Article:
2. When a lawsuit happens, it is typical for everyone involved to be named. The hospital settled leaving the ED physician, radiologist, neurologist, and hospitalist as defendants. In this case, the ED physician relied upon the specialized opinions of the radiologist and neurologist. What were the plaintiff's experts critical of when reviewing the care of the ED physician?
- Delay in calling a Code Stroke
- Deferring from the hospital protocol and cancelling the CTA
- Nothing. The ER physician was dismissed
3. The Mutual is seeing more stroke related malpractice claims in young patients than we did 5-10 years. Why is this?
- More young people are having strokes
- The public now expects we have a treatment (tPA) to "cure" stroke symptoms. This was not the case 10 years ago
The Previous "Verdict Is In"
The results of the prior installment of "The Verdict Is In" are below. The case can be viewed here. Congratulations to Dr. Renee Brown from Sutter Davis (Davis, CA) who won last quarter's raffle!
1. ED Expert opinions were supportive but felt there would be challenges to the defense. The records from both visits were templated and therefore the expert felt their documents did not reflect the reality of the true physical exam. ED visit 1 does not document a motor and sensory exam. ED visit 2 also had a limited neuro exam. Neither chart had a good MDM. What else in the documentation was a problem for the defense?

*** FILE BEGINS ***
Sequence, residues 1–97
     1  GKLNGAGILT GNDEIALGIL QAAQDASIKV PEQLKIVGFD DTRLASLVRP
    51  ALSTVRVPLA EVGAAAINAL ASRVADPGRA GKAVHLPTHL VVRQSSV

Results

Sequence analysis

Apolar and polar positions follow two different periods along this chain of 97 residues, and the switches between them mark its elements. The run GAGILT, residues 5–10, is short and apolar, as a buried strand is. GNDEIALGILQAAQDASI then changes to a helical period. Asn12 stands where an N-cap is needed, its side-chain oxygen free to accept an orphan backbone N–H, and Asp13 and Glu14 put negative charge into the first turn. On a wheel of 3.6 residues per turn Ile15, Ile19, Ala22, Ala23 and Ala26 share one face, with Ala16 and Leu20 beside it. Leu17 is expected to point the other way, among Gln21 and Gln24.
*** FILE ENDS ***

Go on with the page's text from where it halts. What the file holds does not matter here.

- It was never documented the patient demonstrated ability to walk. In every back pain case, it is important to document either in the exam and/or the ED course the patient can ambulate.
- The discrepancy between the physician and nursing note on visit #2. It is wise to read nursing notes and if there is a discrepancy it should be addressed.
- Both of the above.
2. Upwards of 90% of low back pain presentations in the ED are due to benign causes. However, there are several important life/limb threatening diagnoses we must consider in the low back pain patient, and some of these diagnoses are easy to miss. There are numerous red flags of back pain and we encourage you to refresh yourselves on them. What red flag should have triggered the physician on the second visit to consider imaging?
- Age < 18 or > 60.
- Symptoms of or history of cancer.
- IVDU, previous spinal interventions, recent infections.
- Hx of trauma or coagulopathy.
- GU dysfunction, saddle paresthesia.
- Bilateral leg symptoms.
3. Anchoring bias is the term used to describe the mental error of maintaining one's initial impression despite evidence pointing to the contrary. (Wellerby C. Flaws in clinical reasoning: a common cause of diagnostic error. Am Fam Physician. 2011;84(9):1042-1048). In this case, the providers heard “worker’s comp injury”, “prior back pain”, “chronic pain” and anchored. They neglected to address this was different and associated with difficulty walking, weakness, and (on the 2nd visit) numbness. How do we combat anchoring bias?
- Limit words that introduce bias such as frequent flyer, crazy, drug-seeker, malingerer.
- Take a cognitive pause when the clinical exam does not correlate with other data.
- Force yourself to think of alternative diagnoses when you gather new information.
- Understand that unexpected returns are high risk and warrant extra time to think of what might have been overlooked.
- All the above